In 2019, Eurasian beavers were introduced to Essex for the first time in nearly 400 years. Two of the semi-aquatic rodents were encouraged to make their home on the Spains Hall Estate in Finchingfield, within four hectares of woodland.
Over the following eighteen months, the beavers successfully settled into their new surroundings and welcomed two healthy new kits. They displayed a range of natural behaviours, including building dams, flooding areas, cleaning water and trapping silt.
Writtle University College BSc (Hons) Animal Management student, William Green, has been studying land use by the Eurasian Beavers as part of his dissertation. William said: "This is an exciting opportunity and I am grateful to Archie Ruggles-Brise and the Spains Hall Estate for giving me the chance to carry out this research."
William's dissertation asked whether beavers' land use patterns and behaviours differ depending on changes in the weather. He also aims to discover whether time spent in different parts of the enclosure varies depended on tree species present.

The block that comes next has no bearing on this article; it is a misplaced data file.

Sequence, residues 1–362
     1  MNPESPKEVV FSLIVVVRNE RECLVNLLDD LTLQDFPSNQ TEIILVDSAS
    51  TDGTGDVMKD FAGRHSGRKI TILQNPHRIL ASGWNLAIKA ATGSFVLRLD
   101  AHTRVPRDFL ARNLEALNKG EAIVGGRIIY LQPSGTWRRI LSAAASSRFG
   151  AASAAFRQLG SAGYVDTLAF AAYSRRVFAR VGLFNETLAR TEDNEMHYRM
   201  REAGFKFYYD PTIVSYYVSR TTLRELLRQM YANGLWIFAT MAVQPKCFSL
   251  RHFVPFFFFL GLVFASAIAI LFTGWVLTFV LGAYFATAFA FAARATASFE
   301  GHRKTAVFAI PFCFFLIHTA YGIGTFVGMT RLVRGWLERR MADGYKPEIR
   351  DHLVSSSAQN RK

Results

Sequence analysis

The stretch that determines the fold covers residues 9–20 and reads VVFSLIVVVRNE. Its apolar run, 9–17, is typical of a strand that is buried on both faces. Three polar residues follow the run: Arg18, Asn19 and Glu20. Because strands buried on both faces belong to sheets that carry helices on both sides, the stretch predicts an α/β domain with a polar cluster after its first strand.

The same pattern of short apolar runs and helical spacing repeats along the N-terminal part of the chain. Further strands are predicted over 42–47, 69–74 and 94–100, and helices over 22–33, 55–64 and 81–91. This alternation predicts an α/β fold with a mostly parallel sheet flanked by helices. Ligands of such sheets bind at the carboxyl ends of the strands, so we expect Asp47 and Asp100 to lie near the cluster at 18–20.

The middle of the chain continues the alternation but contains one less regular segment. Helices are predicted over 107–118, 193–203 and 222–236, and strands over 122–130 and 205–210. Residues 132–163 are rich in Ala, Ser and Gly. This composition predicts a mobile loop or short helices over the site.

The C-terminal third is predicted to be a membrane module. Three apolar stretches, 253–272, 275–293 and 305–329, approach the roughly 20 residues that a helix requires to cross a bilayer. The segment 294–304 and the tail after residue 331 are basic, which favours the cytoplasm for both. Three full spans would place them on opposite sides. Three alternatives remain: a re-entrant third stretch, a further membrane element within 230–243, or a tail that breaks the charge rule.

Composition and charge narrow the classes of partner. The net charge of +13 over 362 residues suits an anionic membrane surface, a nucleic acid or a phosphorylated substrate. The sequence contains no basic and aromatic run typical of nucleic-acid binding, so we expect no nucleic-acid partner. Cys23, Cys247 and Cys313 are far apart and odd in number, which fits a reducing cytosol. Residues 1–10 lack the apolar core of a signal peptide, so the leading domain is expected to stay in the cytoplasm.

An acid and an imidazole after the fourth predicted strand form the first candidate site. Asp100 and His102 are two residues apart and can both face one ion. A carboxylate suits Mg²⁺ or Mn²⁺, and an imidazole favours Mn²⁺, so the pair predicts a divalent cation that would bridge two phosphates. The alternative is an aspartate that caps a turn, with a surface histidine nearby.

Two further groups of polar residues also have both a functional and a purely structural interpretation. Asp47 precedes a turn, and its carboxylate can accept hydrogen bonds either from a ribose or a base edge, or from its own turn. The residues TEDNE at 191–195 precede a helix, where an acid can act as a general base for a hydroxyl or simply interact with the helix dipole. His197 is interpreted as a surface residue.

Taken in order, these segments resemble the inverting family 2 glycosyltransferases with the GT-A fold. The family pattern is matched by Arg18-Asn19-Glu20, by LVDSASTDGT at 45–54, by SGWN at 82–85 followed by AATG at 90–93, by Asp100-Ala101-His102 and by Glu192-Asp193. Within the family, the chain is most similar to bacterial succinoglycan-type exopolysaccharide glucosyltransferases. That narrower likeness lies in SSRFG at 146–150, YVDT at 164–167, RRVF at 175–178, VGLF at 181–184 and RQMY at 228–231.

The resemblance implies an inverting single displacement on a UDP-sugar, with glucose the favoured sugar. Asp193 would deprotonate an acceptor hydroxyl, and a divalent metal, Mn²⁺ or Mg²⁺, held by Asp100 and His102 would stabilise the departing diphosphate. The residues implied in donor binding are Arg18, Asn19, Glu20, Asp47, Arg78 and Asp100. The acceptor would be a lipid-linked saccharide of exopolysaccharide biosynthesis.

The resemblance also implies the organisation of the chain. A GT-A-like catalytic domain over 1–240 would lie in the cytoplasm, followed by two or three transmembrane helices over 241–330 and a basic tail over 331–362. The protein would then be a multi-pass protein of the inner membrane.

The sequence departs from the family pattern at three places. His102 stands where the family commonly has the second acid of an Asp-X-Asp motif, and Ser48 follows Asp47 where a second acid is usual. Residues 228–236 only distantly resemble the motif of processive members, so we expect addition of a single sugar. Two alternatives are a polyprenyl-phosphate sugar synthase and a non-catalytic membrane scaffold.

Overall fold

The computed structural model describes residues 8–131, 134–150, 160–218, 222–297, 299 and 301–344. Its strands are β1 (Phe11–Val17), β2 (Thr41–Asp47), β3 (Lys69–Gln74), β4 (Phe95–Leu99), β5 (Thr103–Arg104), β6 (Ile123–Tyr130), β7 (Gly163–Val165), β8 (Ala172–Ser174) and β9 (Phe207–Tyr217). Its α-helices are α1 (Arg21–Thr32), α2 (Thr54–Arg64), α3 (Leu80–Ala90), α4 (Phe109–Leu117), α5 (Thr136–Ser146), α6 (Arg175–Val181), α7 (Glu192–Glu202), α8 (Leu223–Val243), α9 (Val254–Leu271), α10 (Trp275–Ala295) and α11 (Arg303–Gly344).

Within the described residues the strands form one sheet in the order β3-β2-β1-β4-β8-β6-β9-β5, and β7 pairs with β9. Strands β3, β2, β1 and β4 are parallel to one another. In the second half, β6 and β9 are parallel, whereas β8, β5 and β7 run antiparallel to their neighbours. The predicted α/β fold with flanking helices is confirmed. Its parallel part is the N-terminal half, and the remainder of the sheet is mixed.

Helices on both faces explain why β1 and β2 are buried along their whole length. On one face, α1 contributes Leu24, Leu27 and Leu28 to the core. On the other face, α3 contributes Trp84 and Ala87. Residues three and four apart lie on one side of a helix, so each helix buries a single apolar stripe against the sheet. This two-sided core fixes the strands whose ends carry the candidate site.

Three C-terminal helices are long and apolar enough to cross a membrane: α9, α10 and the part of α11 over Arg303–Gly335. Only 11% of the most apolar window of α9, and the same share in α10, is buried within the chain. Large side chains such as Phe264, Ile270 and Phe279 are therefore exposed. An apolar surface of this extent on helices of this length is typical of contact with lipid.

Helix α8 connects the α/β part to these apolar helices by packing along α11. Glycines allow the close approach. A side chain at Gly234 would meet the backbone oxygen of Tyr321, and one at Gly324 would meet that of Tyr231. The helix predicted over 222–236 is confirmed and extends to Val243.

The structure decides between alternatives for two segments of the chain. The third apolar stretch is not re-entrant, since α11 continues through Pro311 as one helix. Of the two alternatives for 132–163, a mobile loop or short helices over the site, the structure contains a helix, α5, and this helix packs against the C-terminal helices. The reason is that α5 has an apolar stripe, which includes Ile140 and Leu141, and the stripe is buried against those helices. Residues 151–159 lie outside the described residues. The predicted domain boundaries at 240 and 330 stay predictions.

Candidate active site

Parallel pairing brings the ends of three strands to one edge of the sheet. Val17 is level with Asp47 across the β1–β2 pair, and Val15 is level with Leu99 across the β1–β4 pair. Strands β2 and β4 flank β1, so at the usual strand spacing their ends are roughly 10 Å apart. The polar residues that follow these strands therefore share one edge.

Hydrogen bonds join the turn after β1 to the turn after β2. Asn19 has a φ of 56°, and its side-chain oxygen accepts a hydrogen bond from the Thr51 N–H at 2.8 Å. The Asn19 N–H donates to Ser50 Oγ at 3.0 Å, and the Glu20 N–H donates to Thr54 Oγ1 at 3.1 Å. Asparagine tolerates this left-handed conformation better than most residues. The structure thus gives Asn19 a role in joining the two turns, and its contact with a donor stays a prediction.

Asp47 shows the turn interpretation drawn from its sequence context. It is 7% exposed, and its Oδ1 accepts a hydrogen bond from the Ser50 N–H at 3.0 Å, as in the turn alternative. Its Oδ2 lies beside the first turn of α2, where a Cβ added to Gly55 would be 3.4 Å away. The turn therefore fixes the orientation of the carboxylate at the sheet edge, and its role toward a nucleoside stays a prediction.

He said: "To identify the land use patterns displayed by the beavers I have been collecting field sign data from the enclosure weekly for the past three months; field signs include dam building, tree coppicing, feeding, channel building and tracks."
William's findings will be presented within his dissertation, which will be completed in March 2021.
Archie Ruggles-Brise said: "It is a great pleasure to work with Writtle, and William, on this research. It is important to us to be able to understand as much as possible about the beavers, their habits and their activity. Beavers are gaining in popularity as a nature-based solution to a range of environmental and climate challenges, so the data and analysis contained in this research will greatly benefit our project and other similar initiatives elsewhere."